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07/12/2010
Ferrante of Naples the Statecraft of a R…
Published on History Today (http://historytoday.prod.acquia-sites.com)
Home > Ferrante of Naples the Statecraft of a Renaissance Prince
Ferrante of Naples the Statecraft of a
Renaissance Prince
David Abulafia
David Abulafia reassesses the life and motives of a notorious ruler and the complex web of
Renaissance diplomacy involving him which led up to the Italian wars.
The invasion of Italy by Charles VIII of France in 1494-95 has acquired a special reputation as
the start of a new era in Italian politics after the forty-year settlement between Milan, Venice,
Florence, the papacy and Naples that supposedly followed the Peace of Lodi in 1454. For the
great sixteenth-century Florentine historian, Francesco Guicciardini, the French invasion
marked the beginning of an unending Italian tragedy, continuing through the reigns of Louis XII
and Francis I of France and of Ferdinand II and Charles I of Spain; 1494 was:
... a most unhappy year for Italy, truly the beginning of the pears of wretchedness,
because it opened the way for innumerable horrible calamities which later for
various reasons afflicted a great part of the rest of the world.
It was against the kings of Naples, members of the Spanish royal house of Aragon, that the
French king directed his campaign, amid talk that Naples would also be the springboard for a
crusade to recover Constantinople and Jerusalem. In order, then, to understand Charles'
plans it is important to understand who his enemies in Naples were and what crimes were
attributed to them.
King Ferrante or Ferdinand of Naples died after a long reign at the beginning of 1494 and
thus did not actually witness the war that was originally aimed against him, and subsequently
against his successors. Ferrante seems almost the embodiment of the Renaissance prince,
sharing with his contemporaries in Milan, Ferrara and elsewhere a reputation for subtle
diplomacy, duplicity and cruelty that has been vividly perpetuated in Jacob Burckhardt's
characterisation of him in. The Civilization of the Renaissance in Italy: 'it is certain that he was
equalled in ferocity by none among the princes of his time', and yet he was 'recognised as
one of the most powerful political minds of the day', who avoided all other vices in order to
concentrate on the destruction of his political opponents. He enjoyed above all having his
enemies near him, 'either in well- guarded prisons, or dead and embalmed, dressed in the
costume which they wore in their lifetime. He would chuckle in talking of the captives with his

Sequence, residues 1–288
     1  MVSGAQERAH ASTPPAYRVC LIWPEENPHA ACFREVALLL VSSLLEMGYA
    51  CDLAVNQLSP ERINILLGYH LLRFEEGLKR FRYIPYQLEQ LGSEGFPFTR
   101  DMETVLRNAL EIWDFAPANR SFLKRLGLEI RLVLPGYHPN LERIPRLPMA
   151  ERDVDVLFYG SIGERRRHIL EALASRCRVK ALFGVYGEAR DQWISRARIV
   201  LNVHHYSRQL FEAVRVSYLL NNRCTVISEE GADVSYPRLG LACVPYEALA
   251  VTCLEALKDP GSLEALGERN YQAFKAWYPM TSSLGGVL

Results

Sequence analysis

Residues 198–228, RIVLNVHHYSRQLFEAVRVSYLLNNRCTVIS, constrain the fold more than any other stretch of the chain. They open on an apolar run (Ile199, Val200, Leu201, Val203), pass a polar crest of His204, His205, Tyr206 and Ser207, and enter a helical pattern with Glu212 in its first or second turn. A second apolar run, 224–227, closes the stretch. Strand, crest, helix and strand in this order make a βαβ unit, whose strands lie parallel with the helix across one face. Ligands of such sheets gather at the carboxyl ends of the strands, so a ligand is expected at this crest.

friends, and made no secret whatever of his museum of mummies'. To this day, shrivelled
corpses preserved in the vaults of the Castelnuovo at Naples are pointed out, rightly or
wrongly, as Ferrante's victims. John Addington Symonds summed this attitude up by
describing Ferrante as 'a demon for dissimulation, treachery and avarice', only moderating
the force of his words by remarking that his son Alfonso II of Naples was even worse.
This appalling reputation has its origins in the violent controversies that raged over the
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legitimacy of Ferrante's claim to the throne, and in the constant attempts of French princes to
assert their own right to the kingdom of Naples, culminating in the celebrated descent into
Italy by Charles VIII of France in 1494, and the fall of Naples itself in February, 1495. The
French chronicler Philippe de Commynes, who served Charles VIII as an ambassador in Italy,
established for all time Ferrante's evil reputation, writing of Ferrante's son AIfonso, Duke of
Calabria (the future King Alfonso II of Naples), 'never was any prince more bloody, inhuman,
lascivious or gluttonous, but his father was more dangerous still, since no one knew when he
was angry or pleased'. Such images of the Neapolitan royal family served their purpose in
justifying the French invasions of Italy, and should be read as vigorous propaganda. Yet the
claim to rule of Ferrante could be faulted; the French king had a genuine claim to the throne of
Naples which originated in the conquest of southern Italy, at papal behest, by Charles, Count
of Anjou and Provence in 1266.
Ferrante had effective replies to the French claim. In the first place, Ferrante had been
nominated as King of Naples by his father Alfonso V (Alfonso I of Naples), the Magnanimous,
king of Aragon, Valencia, Sicily and Sardinia, conqueror in 1442 of Naples and southern Italy,
whose own rights to the south of Italy originated not simply in conquest but in the will of the
profligate last Angevin ruler of Naples, Joanna II, she had died in 1435 without a direct heir.
Unfortunately, Joanna also on another occasion chose the Dukes of Anjou and Provence as
her heirs to the kingdom, and the years after her death saw bitter fighting in the south of Italy
between the armies of Alfonso and those of Duke Rene of Anjou, who even after defeat styled
himself, until his death in 1480, 'King of Jerusalem and Sicily', the traditional title of the rulers
of Naples. Rene was a prominent patron of the arts who understood how such patronage
could be utilised to create a focus for opposition to the Aragonese conquerors of Naples; his
chivalric order, the Order of the Croissant or Crescent, acted as a place of refuge for
dispossessed south Italian barons of impeccably high birth who lingered in France hoping to
join an Angevin army of conquest. In riposte, Ferrante was to create his own knightly society,
the Order of the Ermine, unusual in providing access to knights of illegitimate birth as well as
legitimate. Legitimacy was, indeed, the heart of the problem.
Like Joanna Il, Alfonso V died without a legitimate male heir, in 1458. He bestowed his
Spanish lands and the two Italian islands of Sicily and Sardinia on his brother, John, King of
Navarre, from whom they eventually passed to John's son Ferdinand the Catholic. But Naples
and mainland southern Italy was not part of his patrimony; it had been won after hard fighting,
and became the centre of Alfonso's ambitious operations in Italy. He assumed the right to
dispose of this kingdom as he wished, and promised it before his death to his beloved
bastard son Ferrante, born in Valencia in 1425, but raised in southern Italy and recognised as
Duke of Calabria, that is, royal heir, by the south Italian barons. Ferrante's illegitimacy gave
rise to hostile rumours that his real father was a Spanish Moor or a converted Jew, apart from